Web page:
The unwritten rule in Washington journalism circles is to never -- ever -- mention cash. Though the lifeblood of Washington runs as green as a $100 bill, loyal Beltway reporters know that to ascend the career ladder, they must turn the journalism 101 aphorism on its head -- rather than doggedly follow the money, they must pretend it either doesn't matter or doesn't exist as a decisive factor in American politics.
Why? Because covering the influence of money would offend powerful media moguls, advertisers and politicians who rely on the monied system for influence -- and in "don't bite the hand that feeds you" fashion, that's anathema to today's D.C. reporters. Additionally, acknowledging the almighty dollar would also force those reporters to admit the hideous and humiliating realities of their own jobs -- it would effectively admit that political reporters are not doing God's work in some venerable system of honest ideas and principles, but that instead they are bottom-feeding in a swamp of blatant corruption and crime.
To know that money is most often written out of America's political story even as it sculpts that story, is to simply behold most stories about government and elected officials. But if you happen to be on the hunt for one particularly blatant example of the "No Money" rule in journalism, behold the series on the Ryan family being published by the New York Times in the lead up to Paul Ryan's Republican convention speech.
In the first story, on Ryan's, Janna, we are treated to a soft-lit fable about an innocent young woman who in aw-shucks fashion miraculously finds herself married to the Republican Party's vice presidential nominee. As the Times tells it, Janna is connected to Democratic Party aristocracy in Oklahoma, and eventually opted to leave the Sooner State to allegedly "dabble in liberal causes" and follow a supposed "interest in social justice and the broader world around her" at Wellesley College. In this magnificent mythology, Janna -- through none of the corrupting forces of monied Washington -- miraculously obtained a job "working on Capitol Hill for a family friend, Representative Bill Brewster" and there "gained a reputation for being smart and social." Ultimately, we are told that Janna selflessly decided to "give up her career" to "become a wife and mother in Janesville, Wis., as her husband built his career as the ideological leader of his party in Congress."
If this sounds a little too much like a fairy tale, that's because it is -- it glosses over the ugly horror story that is Janna Ryan's career.
That's right, in a 1,235 word piece, the Times gives readers just one fleeting and gauzy sentence about Janna Ryan's work as a lobbyist, and then moves on to other more important things - like, say, quoting her friends calling her “down to earth.” Thanks to the unwritten "No Money" rule, there isn't a single dollar sign in the entire piece, despite her making millions for her lobbying firms. Thanks to the rule, readers aren't told the sordid details about how Janna became not just any old lobbyist -- but a high-powered shill for some of the most powerful corporate interests in Washington. In other words, readers don't get the true story -- the real macabre tale of a politically connected daughter of privilege using her connections to get a D.C. job, then getting moneyed up by lobbying firms, and finally coming out on the other side of the machine as the life companion of one of the most loyal corporate-directed Republican lawmakers in Congress.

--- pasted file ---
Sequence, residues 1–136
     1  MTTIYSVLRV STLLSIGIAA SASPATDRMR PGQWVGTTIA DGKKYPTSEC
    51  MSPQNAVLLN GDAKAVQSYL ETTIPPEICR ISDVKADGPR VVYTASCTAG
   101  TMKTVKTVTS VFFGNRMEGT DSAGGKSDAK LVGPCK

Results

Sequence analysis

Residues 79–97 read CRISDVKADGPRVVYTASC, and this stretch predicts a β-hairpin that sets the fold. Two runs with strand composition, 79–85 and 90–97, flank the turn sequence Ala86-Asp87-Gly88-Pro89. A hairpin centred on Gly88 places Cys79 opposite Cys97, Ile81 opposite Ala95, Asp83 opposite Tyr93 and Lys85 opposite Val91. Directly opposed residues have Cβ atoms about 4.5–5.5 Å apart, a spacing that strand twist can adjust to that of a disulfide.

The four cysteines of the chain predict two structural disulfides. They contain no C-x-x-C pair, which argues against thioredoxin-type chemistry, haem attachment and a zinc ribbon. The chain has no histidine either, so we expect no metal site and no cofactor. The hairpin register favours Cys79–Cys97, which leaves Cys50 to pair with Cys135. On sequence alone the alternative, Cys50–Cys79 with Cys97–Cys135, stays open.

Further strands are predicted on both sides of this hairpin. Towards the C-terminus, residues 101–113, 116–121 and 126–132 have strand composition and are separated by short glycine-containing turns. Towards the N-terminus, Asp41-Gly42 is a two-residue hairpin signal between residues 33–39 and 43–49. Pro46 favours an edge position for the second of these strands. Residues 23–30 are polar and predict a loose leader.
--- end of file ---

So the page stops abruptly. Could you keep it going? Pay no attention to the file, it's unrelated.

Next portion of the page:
A few days after the Janna Ryan hagiography, the Times' crack political team moved on to her husband -- and once again pretended money had nothing to do with his ascent. In this spectacular dollop of revisionism, Ryan is reimagined as an earnest policy wonk who "took an early interest in economics"; who "came to realize that the best place to morph theory into policy was Washington"; and whose alleged principles "placed him outside his party’s mainstream." Respecting the "No Money" rule, the Times leave unmentioned the fact that Ryan's record is that of a standard-issue Huge Government Republican and a professional politician who famously traded legislative favors for campaign contributions. Also unmentioned is Ryan's record as one of the most prolific corporate fundraisers in modern Republican history. All readers are given is newspeak -- such as cheery references to Ryan never "miss(ing) an opportunity to network" and Ryan always "highlight(ing) the work of his conservative contacts." Euphemisms never looked so absurd -- and deceptive.
Put it all together, and the truth is clear: the power couple that is the Ryans is one that rose to prominence atop a mountain of cash. Without that mountain, there would likely be no political "power" in the duo. That this obvious truism is apparently too taboo for many news outlets to even mention shows just how much the "No Money" rule now dominates campaign coverage -- and how much that dominance deprives voters of critical information.